Justia Civil Procedure Opinion Summaries

Articles Posted in North Dakota Supreme Court
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In this case, Travis Wedmore appealed a ruling by the District Court of Burleigh County, which found that he has serious difficulty controlling his sexual behavior and thus remains a sexually dangerous individual. However, the Supreme Court of North Dakota found that Wedmore's appeal was not filed within the statutorily required 30 days after the district court's order denying his discharge from civil commitment. The court determined that the appeal was untimely regardless of whether "entry of the order" was interpreted as the date the order was signed or the date it was docketed. As such, the Supreme Court of North Dakota concluded it did not have jurisdiction over the matter and dismissed the appeal. View "Interest of Wedmore" on Justia Law

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In this case from the Supreme Court of North Dakota, Fonda Jo Powell and Mary T. Henke, as co-personal representatives of the Estate of June A. Slagle, alongside Helen Verhasselt, the trustee of the June Slagle Family Mineral Trust, filed an appeal against Statoil Oil & Gas LP (now known as Equinor Energy LP). The plaintiffs appealed from a judgment of dismissal entered after the district court granted Statoil's motion for summary judgment, concluding that a dispute of title allowed Statoil to suspend royalty payments and that the plaintiffs were not entitled to statutory interest. The plaintiffs argued that the district court erred in concluding there was a title dispute, while Statoil argued that this action was barred by the statute of limitations.The Supreme Court of North Dakota reversed the decision of the district court, concluding that the action was not barred by the statute of limitations and that the court erred in concluding that Statoil lawfully suspended royalty payments. The court determined that a ten-year statute of limitations applied to the claim for untimely payment of royalties under the oil and gas lease, as per N.D.C.C. § 28-01-15(2). Furthermore, the court concluded that, when a dispute is between the mineral developer and the mineral owner, notice of the dispute is required under N.D.C.C. § 47-16-39.4. As Statoil did not provide evidence that it had notified June Slagle of a title dispute, it was required to pay interest on the unpaid royalties at a rate of 18% per annum. The case was remanded for further proceedings consistent with this opinion. View "Powell v. Statoil Oil & Gas" on Justia Law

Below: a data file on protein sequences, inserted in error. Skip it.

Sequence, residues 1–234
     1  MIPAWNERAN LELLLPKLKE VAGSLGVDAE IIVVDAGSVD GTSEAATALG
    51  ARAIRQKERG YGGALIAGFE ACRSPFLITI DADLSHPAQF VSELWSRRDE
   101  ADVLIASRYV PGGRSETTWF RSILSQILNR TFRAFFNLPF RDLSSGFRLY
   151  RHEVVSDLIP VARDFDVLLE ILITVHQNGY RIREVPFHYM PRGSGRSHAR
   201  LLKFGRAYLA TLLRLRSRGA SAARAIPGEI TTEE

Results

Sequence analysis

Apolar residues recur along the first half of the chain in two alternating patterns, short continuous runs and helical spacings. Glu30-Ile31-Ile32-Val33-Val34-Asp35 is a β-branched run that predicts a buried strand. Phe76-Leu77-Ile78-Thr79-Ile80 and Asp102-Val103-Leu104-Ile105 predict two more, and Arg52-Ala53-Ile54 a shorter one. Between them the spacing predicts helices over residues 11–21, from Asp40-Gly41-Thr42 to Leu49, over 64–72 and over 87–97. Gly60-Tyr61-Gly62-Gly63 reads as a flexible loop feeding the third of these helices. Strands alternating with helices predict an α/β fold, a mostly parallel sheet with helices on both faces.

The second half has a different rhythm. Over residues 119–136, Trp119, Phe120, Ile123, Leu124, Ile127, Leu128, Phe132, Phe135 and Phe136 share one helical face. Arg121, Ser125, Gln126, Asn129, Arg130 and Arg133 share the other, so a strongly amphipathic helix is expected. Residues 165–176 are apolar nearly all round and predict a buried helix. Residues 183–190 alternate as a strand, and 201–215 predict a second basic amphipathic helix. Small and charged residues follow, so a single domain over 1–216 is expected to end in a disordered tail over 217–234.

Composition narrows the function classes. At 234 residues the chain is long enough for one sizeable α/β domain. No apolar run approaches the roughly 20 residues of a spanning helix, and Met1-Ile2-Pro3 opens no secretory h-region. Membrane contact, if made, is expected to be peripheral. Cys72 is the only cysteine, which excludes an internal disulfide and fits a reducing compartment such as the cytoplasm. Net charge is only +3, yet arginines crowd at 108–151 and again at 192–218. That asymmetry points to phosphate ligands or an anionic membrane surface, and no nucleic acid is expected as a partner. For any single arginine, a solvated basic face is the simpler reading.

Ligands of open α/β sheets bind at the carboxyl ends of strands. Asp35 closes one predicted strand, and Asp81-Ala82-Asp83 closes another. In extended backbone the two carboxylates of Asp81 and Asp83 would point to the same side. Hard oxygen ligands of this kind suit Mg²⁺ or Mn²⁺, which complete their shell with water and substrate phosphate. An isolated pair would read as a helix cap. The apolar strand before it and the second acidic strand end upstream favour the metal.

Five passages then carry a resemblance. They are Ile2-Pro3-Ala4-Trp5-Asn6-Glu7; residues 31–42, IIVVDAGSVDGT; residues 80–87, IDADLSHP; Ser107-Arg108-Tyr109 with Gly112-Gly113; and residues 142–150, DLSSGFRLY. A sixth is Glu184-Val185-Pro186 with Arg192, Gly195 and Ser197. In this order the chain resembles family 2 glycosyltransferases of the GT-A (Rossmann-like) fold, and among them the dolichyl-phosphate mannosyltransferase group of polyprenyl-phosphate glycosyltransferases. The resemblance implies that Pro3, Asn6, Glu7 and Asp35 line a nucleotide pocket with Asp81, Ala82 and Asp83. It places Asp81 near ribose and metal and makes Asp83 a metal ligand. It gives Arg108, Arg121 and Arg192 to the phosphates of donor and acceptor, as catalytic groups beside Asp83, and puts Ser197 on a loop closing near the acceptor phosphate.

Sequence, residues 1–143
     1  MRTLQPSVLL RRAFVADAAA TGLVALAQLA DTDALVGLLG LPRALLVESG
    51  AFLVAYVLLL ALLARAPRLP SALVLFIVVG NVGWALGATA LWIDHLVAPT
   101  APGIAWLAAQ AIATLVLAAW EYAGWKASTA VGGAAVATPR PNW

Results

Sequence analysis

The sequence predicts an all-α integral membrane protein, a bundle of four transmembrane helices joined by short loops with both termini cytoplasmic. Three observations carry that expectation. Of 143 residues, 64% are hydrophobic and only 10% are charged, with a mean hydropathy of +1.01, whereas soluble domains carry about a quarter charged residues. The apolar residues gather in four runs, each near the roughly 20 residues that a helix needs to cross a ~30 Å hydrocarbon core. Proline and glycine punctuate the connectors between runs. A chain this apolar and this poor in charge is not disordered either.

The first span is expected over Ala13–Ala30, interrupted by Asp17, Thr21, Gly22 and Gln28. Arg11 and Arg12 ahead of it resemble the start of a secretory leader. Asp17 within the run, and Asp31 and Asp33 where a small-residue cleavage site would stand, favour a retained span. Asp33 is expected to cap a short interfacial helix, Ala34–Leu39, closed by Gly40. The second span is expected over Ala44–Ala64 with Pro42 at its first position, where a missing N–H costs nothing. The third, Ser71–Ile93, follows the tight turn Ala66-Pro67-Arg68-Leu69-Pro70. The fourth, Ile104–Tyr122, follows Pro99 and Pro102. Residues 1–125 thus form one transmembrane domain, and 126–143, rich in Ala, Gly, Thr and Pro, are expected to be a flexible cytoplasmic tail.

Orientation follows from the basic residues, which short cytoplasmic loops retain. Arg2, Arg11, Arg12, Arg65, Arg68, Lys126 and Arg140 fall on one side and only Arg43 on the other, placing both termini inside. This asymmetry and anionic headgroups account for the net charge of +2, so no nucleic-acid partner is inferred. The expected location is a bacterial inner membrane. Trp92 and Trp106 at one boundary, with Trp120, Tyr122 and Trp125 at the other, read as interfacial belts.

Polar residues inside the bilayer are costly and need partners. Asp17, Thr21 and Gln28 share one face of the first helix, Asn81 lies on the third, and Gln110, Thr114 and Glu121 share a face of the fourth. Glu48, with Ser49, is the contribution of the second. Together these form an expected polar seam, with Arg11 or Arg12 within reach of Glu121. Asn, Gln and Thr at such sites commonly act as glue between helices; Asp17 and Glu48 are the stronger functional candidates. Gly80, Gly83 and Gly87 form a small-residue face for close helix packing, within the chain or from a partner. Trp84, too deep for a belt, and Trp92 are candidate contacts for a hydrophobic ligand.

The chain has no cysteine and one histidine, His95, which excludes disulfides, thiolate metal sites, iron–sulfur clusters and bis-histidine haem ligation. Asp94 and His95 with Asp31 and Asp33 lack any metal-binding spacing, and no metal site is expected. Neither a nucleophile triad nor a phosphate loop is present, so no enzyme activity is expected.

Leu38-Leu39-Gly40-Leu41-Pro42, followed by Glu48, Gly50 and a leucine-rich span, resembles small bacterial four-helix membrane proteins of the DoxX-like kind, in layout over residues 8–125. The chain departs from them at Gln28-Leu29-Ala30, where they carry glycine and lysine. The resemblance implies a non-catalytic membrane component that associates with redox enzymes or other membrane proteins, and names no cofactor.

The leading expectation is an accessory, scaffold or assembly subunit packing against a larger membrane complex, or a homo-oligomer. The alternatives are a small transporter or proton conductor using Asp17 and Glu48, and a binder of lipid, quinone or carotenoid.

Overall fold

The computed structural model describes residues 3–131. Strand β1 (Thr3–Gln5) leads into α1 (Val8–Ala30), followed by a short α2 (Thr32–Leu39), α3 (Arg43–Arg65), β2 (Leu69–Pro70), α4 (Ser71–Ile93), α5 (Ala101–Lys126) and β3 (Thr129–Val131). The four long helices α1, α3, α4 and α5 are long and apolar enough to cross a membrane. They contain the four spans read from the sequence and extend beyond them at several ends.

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In the State of North Dakota, Joshua Holm appealed from a district court's decision to issue a disorderly conduct restraining order preventing him from contacting Heidi Holm for six months. The couple's marriage had deteriorated and they agreed to separate; however, Heidi alleged that Joshua had taken money from her safe and joint checking accounts, attempted to force her into sex, and had weapons, causing her to fear him. The Supreme Court of North Dakota reversed the decision, stating that the district court had abused its discretion by issuing the restraining order without finding that Joshua intended to adversely affect Heidi's safety, security, or privacy. The court noted that while Joshua had admittedly visited the marital home against Heidi’s wishes, this alone did not establish reasonable grounds for a restraining order. The court concluded that Heidi, as the petitioner, bore the burden of proving Joshua acted with adverse intent, which she failed to do. The restraining order was, therefore, reversed. View "Holm v. Holm" on Justia Law